I only use it now to decorate the mancave. Its one of the older models with the metal reelseat (no longer made). more of a conversation piece.

    I was really surprised to read that so many on here enjoy the shorter rods. So much has been written on the benefits of only using a long fly rod and you rarely read articles by anyone using anything else. I do fish shorter rods of 6-7.5ft quite often and like I said, it is because enjoy them. I do have and fish 9 and even 10 ft rods in the park streams. No one could discount their effectiveness to high stick nymph or dabble a dry fly across multiple currents. Me, I'm not into numbers or sizes anymore when fishing the parks streams. I usually will decide when I get to the stream whether I want to fish dry flies only or if the water conditions or time of year are not favorable to that, I take my long rod and high stick nymphs. If its springtime with the multitude of hatches coming off or summer with beetles and ants in the water, then its an easy choice for me to take the little 6.5 ft 3wt.
    Have fun and enjoy whatever you use.

  6. #56
    Join Date
    Mar 2007
    Location
    Hillbilly Hollow, NC
    Posts
    1,066

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    I have the answer for the plethora of conditions the streams of the Southern Appalachians present. A telescoping rod that can be adjusted to fit any fisherman's preference for any conditions, all for the low price of 2 payments of 79.95 plus shiping.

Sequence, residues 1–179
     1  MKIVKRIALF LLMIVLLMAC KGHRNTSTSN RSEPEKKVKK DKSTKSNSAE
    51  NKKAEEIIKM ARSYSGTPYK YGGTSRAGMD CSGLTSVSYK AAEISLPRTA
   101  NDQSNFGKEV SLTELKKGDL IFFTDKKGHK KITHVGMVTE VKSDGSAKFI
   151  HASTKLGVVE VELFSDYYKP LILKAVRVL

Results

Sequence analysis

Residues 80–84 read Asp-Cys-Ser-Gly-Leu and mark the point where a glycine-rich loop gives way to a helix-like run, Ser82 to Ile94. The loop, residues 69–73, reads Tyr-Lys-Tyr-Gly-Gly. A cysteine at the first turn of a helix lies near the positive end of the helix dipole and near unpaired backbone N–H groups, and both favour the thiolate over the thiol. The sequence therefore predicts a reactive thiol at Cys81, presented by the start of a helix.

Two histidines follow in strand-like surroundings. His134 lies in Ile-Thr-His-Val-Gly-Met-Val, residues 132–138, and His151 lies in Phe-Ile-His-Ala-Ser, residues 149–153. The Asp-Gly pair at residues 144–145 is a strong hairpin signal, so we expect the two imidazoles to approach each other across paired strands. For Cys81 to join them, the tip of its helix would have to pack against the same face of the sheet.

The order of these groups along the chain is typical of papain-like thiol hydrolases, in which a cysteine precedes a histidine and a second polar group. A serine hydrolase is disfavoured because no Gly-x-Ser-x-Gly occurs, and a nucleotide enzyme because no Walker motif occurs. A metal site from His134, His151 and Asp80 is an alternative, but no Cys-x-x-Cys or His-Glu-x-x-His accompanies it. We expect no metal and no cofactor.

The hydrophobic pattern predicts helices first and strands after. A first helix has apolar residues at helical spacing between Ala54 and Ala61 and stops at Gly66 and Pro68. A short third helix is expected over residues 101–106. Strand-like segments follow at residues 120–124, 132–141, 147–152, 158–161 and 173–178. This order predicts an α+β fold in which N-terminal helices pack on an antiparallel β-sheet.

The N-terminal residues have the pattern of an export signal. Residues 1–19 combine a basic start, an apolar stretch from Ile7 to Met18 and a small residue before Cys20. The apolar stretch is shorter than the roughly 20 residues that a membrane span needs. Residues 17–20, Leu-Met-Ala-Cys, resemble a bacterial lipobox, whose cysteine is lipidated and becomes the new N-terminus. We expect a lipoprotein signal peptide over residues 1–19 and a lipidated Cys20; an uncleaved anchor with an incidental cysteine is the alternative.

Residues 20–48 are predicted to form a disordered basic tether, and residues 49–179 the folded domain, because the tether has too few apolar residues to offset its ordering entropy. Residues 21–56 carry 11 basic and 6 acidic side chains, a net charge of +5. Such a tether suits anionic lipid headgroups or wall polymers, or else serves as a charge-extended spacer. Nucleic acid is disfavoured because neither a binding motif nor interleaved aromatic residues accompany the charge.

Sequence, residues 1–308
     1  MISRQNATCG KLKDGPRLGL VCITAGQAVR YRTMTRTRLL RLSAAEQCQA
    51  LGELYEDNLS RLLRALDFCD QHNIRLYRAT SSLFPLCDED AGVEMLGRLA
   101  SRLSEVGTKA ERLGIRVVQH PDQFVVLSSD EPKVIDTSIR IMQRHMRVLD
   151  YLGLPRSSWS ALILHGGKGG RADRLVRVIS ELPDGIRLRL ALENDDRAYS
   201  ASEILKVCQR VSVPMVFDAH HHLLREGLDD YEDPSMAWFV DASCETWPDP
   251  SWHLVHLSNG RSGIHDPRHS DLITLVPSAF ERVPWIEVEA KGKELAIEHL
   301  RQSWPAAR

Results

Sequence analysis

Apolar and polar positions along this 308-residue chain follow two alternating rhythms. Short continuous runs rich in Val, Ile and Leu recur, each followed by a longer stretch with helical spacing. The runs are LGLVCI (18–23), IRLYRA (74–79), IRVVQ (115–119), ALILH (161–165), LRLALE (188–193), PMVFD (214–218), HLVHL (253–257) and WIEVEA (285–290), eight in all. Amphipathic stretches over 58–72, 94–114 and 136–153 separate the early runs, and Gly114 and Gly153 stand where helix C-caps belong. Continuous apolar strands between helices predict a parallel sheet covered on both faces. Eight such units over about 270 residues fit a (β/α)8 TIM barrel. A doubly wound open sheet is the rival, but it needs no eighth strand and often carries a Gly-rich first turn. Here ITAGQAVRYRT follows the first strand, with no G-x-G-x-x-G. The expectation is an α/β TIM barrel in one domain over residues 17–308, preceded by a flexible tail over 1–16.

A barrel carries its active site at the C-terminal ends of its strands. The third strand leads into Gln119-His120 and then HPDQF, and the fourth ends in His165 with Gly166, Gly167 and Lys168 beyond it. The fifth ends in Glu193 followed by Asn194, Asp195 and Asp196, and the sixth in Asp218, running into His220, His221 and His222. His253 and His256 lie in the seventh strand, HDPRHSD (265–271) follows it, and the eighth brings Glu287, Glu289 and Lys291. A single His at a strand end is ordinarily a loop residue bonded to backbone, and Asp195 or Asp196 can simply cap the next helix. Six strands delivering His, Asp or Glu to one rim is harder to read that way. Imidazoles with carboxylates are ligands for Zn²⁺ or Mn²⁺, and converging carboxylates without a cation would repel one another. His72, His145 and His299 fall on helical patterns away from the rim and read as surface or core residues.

"Have no fear of perfection - you'll never reach it."
    Salvador Dali

  7. #57
    Join Date
    Jan 2006
    Location
    Greeneville, TN
    Posts
    751

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    Flyman,

    Billy Mays didn't have anything on you

  8. #58
    Join Date
    Jun 2009
    Location
    Rock Hill, SC
    Posts
    992

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    FLYMAN--You are too much! I think you may have missed your calling (and I don't know what it is). You should be one of the following: (1) Snake oil salesman, (2) Televangelist, (3) Shell game shark, (4) All-round con man.
    Incidentally, somewhere in a closet I have one of the rods you picture. Mine is precisely as useful as (1) Mammaries on a boar hog, (2) A .22 rifle for elephant hunting, or (3) 30-pound test monofilament for tippet material.
    Thanks for the chuckle.
    Jim Casada
    www.jimcasadaoutdoors.com

  9. #59
    Join Date
    Dec 2008
    Location
    Knoxville Tn.
    Posts
    52

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    Apache Trout, what fly is ib the mouth of the 6" brookie?

    Tom

  10. #60
    Join Date
    Apr 2009
    Location
    Connecticut
    Posts
    21

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    tntom, Sorry for the late reply to your question. Just saw it.
    It's a streamer I tied which I named "Officer Max" after my late father who was a police officer & the first person to take me fishing.
    I tie it on a size 12 & 14 streamer hooks. Olive thread. Wrap some wire on hook shank for weight. Tan floss over wire. I tie two mallard flank feathers on each side: yellow mayfly over wood duck color. I do a mixed colored beard/throat with a few strands each of red, black & yellow bucktail.
    Looks like a juvenile brookie when wet, don't it. Those cannibals love it. ;-)
    Last edited by Apache Trout; 08-22-2010 at 11:01 AM.